Presented by Palo Alto Players, “Allegiance” is a musical based on one of the most shameful events in American history: the relocation of people of Japanese descent during World War II.

With music and lyrics by Jay Kuo and a book by Kuo, Marc Acito and Lorenzo Thione, it was inspired by the childhood experiences of actor George Takei (Lt.  Sulu on “Star Trek”).

It focuses on a Salinas farm family, the Kimuras, who have only a few days to sell the farm and assemble for transport to the bleak Heart Mountain internment camp in Wyoming after the Pearl Harbor attack in December 1941.

The family includes Sammy (Jomar Martinez) and his older sister, Kei (Marah Sotelo), along with their father, Tatsuo (Bryan Pangilinan), and grandfather, Kaito (Ron Munekawa).

Sammy wants to enlist in the military to prove his patriotism, but is rejected. Later he meets the camp nurse, Hannah Campbell (Corinna Laskin), and falls in love with her.

In the meantime, Kei and Frankie Suzuki (Christopher J. Sotelo) have fallen in love, too.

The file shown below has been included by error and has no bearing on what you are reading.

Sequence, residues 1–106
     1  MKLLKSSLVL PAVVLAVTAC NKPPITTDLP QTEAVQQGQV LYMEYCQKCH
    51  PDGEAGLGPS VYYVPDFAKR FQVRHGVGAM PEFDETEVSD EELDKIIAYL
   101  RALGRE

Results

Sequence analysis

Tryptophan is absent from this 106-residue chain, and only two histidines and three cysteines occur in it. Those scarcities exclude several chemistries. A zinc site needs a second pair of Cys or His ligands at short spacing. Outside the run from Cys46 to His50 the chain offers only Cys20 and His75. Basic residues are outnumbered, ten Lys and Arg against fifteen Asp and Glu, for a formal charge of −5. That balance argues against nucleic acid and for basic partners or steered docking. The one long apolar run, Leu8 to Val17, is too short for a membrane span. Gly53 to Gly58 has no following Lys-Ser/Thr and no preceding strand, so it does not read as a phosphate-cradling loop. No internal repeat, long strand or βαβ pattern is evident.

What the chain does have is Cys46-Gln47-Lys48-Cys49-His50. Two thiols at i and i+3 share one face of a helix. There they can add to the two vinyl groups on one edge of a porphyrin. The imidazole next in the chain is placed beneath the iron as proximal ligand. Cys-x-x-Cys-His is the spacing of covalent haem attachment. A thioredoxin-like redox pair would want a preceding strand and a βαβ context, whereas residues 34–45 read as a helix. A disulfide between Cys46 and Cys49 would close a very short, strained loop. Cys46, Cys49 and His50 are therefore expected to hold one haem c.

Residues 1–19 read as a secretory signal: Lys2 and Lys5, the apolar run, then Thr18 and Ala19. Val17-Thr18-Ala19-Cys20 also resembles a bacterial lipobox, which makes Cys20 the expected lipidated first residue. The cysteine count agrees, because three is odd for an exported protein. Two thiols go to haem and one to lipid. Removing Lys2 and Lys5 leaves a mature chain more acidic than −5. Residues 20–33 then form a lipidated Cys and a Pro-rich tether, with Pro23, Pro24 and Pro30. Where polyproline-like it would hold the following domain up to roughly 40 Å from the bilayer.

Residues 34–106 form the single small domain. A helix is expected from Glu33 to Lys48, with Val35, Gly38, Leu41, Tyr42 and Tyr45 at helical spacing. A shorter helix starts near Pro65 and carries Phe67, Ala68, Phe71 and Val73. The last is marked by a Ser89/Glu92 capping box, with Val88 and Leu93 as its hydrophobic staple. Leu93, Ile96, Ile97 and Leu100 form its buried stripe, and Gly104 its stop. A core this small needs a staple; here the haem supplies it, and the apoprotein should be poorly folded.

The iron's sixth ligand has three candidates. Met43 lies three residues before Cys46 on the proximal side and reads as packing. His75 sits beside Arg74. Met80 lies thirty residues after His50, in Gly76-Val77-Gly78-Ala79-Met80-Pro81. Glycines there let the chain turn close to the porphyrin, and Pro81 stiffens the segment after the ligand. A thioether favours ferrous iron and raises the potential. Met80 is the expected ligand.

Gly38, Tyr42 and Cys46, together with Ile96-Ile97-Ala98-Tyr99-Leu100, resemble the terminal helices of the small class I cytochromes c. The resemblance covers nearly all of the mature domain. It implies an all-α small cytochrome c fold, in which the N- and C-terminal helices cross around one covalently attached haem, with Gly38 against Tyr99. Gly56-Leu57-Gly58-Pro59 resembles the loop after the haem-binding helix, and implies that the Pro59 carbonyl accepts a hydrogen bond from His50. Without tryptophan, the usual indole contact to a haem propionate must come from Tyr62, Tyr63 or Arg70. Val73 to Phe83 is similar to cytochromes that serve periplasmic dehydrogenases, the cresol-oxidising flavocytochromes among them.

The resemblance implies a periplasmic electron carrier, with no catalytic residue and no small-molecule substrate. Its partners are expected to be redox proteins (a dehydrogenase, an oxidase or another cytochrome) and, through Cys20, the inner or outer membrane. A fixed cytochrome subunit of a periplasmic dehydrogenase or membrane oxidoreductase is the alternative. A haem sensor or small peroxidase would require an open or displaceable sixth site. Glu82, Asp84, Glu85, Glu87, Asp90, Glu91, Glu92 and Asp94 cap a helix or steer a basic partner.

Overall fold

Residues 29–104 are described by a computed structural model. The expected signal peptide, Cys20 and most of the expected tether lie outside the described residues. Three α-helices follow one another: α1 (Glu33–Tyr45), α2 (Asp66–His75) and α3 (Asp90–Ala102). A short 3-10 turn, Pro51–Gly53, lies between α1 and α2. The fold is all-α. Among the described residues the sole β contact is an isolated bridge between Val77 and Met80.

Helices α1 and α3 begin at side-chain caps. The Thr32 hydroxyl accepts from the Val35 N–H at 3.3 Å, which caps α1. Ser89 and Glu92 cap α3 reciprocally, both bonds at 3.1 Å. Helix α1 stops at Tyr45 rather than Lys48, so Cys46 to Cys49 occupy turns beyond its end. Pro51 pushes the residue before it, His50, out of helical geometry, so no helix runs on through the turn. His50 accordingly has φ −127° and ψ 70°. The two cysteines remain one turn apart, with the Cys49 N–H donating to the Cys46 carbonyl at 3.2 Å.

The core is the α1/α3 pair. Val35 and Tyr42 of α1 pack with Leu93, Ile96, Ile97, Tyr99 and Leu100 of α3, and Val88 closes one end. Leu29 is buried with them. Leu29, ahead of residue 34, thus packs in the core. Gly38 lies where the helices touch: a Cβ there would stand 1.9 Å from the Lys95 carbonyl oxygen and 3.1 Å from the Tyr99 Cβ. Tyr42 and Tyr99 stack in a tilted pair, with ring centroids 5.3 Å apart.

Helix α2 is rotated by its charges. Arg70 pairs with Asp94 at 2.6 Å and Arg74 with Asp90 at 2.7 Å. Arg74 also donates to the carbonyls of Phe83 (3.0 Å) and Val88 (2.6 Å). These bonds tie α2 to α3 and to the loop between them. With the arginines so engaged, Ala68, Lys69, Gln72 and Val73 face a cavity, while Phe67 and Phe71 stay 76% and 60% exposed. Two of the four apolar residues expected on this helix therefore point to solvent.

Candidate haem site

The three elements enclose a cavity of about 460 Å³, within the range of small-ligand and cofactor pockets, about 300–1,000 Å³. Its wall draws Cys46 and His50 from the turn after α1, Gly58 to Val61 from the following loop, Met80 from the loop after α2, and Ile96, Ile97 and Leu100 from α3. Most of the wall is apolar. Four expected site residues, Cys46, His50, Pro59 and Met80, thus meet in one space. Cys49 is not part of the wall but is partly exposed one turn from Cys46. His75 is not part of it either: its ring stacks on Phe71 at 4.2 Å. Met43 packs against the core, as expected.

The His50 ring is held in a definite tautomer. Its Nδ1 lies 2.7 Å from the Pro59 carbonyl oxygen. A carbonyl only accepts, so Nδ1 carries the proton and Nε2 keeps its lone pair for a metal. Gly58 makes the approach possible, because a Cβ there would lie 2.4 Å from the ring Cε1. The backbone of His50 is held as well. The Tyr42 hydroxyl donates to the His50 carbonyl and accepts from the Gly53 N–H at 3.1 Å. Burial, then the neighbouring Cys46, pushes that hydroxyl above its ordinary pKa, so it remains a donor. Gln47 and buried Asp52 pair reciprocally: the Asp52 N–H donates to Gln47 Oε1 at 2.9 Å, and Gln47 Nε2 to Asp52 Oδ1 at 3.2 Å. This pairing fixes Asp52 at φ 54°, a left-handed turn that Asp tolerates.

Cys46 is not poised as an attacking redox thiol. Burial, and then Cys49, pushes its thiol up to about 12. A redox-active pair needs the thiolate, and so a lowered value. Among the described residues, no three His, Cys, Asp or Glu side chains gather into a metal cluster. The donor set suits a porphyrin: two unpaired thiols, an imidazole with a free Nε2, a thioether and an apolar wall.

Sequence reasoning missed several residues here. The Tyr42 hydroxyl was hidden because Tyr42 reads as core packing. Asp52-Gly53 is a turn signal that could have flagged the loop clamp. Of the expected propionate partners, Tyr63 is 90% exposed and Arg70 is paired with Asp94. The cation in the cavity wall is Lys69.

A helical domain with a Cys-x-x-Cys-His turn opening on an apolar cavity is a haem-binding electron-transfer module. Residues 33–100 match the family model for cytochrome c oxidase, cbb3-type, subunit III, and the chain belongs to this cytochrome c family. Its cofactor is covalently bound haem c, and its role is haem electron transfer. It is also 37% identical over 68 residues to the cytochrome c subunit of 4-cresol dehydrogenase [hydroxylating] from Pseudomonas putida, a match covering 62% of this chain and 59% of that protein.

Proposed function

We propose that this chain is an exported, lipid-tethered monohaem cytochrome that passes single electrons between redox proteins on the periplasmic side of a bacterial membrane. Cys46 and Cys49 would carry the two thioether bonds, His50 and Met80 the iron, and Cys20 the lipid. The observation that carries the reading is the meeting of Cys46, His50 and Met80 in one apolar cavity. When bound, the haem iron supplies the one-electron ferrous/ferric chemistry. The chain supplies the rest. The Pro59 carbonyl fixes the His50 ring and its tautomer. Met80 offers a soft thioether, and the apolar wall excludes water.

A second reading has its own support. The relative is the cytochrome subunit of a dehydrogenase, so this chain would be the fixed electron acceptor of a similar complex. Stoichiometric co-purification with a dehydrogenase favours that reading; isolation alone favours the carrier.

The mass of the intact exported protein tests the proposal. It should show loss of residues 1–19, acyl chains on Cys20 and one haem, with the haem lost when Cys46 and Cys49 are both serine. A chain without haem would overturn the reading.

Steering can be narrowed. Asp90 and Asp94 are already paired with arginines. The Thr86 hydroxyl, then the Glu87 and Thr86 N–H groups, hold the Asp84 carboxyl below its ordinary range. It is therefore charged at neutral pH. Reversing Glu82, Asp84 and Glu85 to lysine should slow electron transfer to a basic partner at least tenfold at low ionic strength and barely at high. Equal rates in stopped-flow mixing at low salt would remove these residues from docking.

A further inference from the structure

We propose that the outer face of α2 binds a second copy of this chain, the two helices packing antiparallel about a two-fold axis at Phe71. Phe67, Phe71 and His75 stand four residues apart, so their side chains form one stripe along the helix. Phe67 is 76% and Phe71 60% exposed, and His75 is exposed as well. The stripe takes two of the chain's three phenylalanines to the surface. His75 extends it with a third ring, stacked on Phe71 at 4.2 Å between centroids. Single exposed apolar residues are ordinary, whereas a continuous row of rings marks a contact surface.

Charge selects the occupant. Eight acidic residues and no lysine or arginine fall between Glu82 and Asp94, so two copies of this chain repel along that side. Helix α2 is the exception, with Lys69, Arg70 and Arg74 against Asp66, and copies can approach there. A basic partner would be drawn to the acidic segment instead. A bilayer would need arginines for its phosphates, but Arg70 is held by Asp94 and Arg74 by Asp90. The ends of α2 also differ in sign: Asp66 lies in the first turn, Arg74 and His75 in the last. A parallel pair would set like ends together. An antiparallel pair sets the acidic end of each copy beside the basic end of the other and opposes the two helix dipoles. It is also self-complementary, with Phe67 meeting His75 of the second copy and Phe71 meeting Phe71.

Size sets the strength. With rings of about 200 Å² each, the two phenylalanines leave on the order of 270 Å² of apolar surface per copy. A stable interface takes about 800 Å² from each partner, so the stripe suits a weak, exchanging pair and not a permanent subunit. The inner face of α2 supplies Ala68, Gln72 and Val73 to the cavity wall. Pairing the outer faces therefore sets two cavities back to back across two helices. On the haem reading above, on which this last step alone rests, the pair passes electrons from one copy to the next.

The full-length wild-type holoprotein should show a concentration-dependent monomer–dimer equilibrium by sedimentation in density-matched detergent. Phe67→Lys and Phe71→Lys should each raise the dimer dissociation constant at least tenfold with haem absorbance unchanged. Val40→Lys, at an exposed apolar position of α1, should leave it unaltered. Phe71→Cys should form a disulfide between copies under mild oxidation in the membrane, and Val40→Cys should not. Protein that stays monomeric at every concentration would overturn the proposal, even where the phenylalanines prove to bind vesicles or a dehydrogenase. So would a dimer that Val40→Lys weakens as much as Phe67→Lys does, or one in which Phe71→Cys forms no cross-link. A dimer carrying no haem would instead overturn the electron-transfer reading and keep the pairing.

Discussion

After Japanese men are allowed to enlist in the 442nd Regimental Combat Team, Sammy signs up and serves with distinction, but Frankie resists the subsequent draft with Kei’s support. Sammy bitterly rejects them both.

Other characters, both good and not-so-good, are involved.

The show opens and closes in 2001 when Sammy (played by Munekawa as an older man) attends Kei’s funeral and finds he has a chance to forgive and to forge new family ties.

Thoughtfully directed by Vinh G. Nguyen, the mostly Asian, 20-member ensemble cast is excellent with standout performances by Martinez as Sammy, Laskin as Hannah, Marah Sotelo as Kei and Christopher J. Sotelo as Frankie. (The Sotelos are husband and wife.)

At the keyboard, music director Benjamin Belew oversees the talented singers and the six-person orchestra.

Nicole Tung has choreographed the lively dancing, including the jitterbug at a camp dance.

The minimal but effective set is by Skip Epperson with lighting by Edward Hunter.  Sometimes the lyrics are hard to discern in the sound design by Brandie Larkin.

The costumes, hair and makeup are by Y. Sharon Peng.

Running about two hours and 40 minutes with intermission, “Allegiance” is interesting and entertaining despite some slow spots. In some ways, it might work better as a drama rather than a musical, but some songs allow characters to express their inner thoughts.

It will continue through May 8 at the Lucie Stern Theater, 1305 Middlefield Road, Palo Alto. Recorded performances will be available for streaming-on-demand May 5 to 8.

For tickets and information, call (650) 329-0891 or visit